6 December 2012 by Alex Stewart
The compact Icelandic capital, the most northerly capital in the world, makes a perfect city break for a weekend or an ideal base from which to explore Iceland further or watch the Northern Lights.
Filled with Viking history, colourful architecture and quirky people, it's renowned for its high-octane nightlife and vibrant music scene. Combining small town innocence with a big city zest for life, Reykjavik boasts world-class museums and galleries, stylish accommodation and great places to eat and drink, just beware the excessive Friday night runtur, a weekly pub crawl around the stylish nightspots.
Reykjavik has a host of accommodation options, including the stylish Reykjavik Marina in the up-and-coming downtown harbour district and contemporary Hilton Nordica, which has a wonderful spa and renowned gourmet restaurant. Our pick of the best places to stay at various budgets are listed below though:
One of Iceland's finest hotels, Hotel Borg, boasts a superb location on a neat little square in the heart of Reykjavik. The hotel, comissioned in 1930, is decorated in an art deco style and combines old-world elegance with modern day sophistication. Black-and-white photographs of bygone Reykjavik decorate the walls. All of the rooms have custom-made furniture and high-spec amenities, whilst the restaurant provides an excellent introduction to some of Iceland's more adventurous dishes, from goose to smoked eel.
Hotel Reykjavik Centrum
Stood on one of Reykjavik's oldest streets, the superior Hotel Reykjavik Centrum couldn't be better located, at the heart of the Old Town and around the corner from Parliament Square. Rooms are all elegantly decorated, service is second to none and the adjoining restaurant, Fjalakotturinn, is one of the best places to eat in the city. Remnants of a Viking longhouse, together with Iceland's oldest known human remains (dating from around 870AD) were discovered during construction and are now on display in the basement.
Reykjavik is an active city with much to tempt you out of your hotel. If you'd rather save money to spend on whale watching, glacier trekking and any of the other excursions available, then the great value Hotel Frón, a modern, friendly place is perfect. From its bright blue façade to its exposed bricks and beams and contemporary artworks, the hotel mixes traditional with modern to great effect.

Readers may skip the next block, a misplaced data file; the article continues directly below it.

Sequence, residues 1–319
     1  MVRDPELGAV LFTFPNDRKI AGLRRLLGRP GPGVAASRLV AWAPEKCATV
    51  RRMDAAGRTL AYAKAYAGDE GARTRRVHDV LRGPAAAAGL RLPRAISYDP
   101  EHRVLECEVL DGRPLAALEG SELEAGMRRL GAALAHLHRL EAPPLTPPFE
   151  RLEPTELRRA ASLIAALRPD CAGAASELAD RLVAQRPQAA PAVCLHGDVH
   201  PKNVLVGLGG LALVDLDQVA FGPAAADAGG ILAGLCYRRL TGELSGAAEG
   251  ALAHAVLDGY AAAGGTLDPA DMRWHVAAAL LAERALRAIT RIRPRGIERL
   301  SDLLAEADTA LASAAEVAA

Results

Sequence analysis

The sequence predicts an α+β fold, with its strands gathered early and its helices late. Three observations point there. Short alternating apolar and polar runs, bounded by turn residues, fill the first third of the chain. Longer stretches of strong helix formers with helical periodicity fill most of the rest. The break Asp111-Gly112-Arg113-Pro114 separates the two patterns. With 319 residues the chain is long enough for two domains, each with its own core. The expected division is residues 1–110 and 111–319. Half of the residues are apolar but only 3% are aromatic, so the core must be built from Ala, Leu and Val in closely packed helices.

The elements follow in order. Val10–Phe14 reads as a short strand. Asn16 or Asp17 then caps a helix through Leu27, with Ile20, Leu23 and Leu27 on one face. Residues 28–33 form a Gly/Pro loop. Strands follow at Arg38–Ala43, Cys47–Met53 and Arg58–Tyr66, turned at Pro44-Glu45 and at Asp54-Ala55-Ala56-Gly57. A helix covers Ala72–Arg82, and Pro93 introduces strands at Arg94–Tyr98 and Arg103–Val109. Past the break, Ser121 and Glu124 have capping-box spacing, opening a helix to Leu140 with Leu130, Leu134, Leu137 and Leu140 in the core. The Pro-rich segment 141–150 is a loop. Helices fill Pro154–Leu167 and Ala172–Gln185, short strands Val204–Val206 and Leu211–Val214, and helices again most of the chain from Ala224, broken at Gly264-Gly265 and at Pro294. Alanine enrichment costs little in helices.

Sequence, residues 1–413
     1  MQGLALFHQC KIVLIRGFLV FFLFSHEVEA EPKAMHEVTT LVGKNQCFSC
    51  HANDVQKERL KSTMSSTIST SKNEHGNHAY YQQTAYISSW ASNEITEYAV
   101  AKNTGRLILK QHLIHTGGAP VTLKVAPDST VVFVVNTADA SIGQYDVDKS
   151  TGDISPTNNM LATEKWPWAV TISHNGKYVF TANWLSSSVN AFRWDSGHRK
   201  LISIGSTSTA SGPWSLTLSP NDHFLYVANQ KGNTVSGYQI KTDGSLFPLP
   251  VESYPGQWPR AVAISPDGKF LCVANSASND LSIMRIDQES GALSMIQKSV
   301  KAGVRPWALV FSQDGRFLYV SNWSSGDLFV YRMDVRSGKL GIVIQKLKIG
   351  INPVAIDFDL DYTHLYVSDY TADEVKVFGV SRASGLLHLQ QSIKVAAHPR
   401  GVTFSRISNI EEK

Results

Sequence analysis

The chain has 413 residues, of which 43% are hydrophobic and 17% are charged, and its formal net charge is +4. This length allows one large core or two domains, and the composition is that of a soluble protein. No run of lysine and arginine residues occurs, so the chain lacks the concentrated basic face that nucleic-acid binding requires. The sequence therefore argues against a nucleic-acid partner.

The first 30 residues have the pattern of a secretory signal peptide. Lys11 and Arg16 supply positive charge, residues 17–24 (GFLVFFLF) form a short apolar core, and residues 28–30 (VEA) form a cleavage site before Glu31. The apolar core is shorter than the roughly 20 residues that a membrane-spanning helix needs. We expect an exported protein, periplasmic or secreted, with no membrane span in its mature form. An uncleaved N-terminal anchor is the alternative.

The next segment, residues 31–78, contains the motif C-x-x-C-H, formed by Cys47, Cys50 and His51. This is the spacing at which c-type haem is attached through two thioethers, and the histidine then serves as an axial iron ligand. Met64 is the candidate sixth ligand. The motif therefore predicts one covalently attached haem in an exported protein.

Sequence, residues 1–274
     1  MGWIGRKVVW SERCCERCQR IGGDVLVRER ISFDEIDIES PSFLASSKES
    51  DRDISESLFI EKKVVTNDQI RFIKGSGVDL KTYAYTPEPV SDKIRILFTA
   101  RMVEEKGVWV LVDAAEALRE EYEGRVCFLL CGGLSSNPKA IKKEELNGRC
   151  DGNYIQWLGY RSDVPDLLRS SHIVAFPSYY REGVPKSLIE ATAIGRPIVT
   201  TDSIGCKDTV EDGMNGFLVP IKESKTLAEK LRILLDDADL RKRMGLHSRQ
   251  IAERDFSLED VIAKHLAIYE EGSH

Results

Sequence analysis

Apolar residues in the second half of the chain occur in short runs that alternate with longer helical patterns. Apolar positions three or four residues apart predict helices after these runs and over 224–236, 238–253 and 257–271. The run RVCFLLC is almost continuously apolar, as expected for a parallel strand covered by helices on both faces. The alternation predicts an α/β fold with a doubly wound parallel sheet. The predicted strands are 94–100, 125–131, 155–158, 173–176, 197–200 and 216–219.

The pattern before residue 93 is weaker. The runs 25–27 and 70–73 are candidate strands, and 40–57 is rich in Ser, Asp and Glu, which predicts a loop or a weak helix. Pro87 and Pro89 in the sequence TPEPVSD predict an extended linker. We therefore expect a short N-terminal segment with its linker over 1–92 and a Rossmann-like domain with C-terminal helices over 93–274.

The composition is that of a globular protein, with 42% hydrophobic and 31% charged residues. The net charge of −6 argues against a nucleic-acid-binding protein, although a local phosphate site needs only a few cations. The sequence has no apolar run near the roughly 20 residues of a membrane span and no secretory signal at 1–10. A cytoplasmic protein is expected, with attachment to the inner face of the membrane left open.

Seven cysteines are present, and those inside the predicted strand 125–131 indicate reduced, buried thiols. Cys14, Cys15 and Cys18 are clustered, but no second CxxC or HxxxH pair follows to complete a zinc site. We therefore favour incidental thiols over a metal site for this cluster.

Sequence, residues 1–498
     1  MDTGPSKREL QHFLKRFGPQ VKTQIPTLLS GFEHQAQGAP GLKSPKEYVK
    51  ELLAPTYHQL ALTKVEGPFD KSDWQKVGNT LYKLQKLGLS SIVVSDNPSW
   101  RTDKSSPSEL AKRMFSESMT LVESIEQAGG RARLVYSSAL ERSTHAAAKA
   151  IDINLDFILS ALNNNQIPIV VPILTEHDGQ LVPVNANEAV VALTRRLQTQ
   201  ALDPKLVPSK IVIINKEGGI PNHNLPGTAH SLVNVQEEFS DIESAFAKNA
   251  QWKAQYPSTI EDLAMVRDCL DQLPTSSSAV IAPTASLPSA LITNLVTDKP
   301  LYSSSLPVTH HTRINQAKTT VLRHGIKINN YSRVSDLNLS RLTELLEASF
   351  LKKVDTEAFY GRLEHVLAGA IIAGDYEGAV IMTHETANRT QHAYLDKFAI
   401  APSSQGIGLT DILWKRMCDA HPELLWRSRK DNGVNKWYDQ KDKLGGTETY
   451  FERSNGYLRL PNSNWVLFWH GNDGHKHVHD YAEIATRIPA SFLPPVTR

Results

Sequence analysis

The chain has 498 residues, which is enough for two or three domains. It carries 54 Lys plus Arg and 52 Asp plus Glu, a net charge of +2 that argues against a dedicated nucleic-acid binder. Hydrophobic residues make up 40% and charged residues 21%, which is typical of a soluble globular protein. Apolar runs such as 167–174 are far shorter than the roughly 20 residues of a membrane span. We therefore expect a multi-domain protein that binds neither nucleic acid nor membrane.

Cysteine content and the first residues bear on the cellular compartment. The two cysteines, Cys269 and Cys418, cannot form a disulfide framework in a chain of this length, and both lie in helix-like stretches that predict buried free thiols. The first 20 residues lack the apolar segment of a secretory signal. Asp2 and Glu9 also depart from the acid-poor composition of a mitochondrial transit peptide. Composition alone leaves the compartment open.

When in Iceland, make sure you try the Icelandic lamb, lobster and the local delicary 'skyr', which is a yoghurt-like dairy product and a staple in the traditional Icelandic diet. With an abundance of superb natural ingredients, there's no reason to even think about trying the traditional hakarl, putrified shark meat that's been buried in the ground.
One of the trendiest restaurant in Reykjavik, this restaurant is decorated in chic Nordic style with plenty of wood, stones and reindeer hides to keep you cosy. The menu features plenty of Scandinavian staples like game and salmon with modern twists, all served on stones and wood platters. Try their taster menu to sample a little bit of everything!
Sjavargrillid (Seafood Grill)
Another great food establishment in Reykjavik specialising in seafood, barbecue and Scandinavian cuisines. The restaurant is decorated in Icelandic style, along with objects sourced by the chefs as they traveled around Iceland.
Lækjarbrekka is a traditional restaurant housed in one of Reykjavik's oldest buildings; it has built its reputation over 20 years. Traditional dishes are diverse and delicious; Icelandic lamb, lobster, puffin and game are favourites here.
At the heart of the über cool Reykjavik Marina hotel, the Slipp Bar is the place where locals hang out; the new hotel opening adjacent to the Reykjavik Dry Dock has made this one of the coolest bars in the capital and a great place to experience exciting events such as Icelandic music and art over a drink from the impressive selection of wines and cocktails on offer.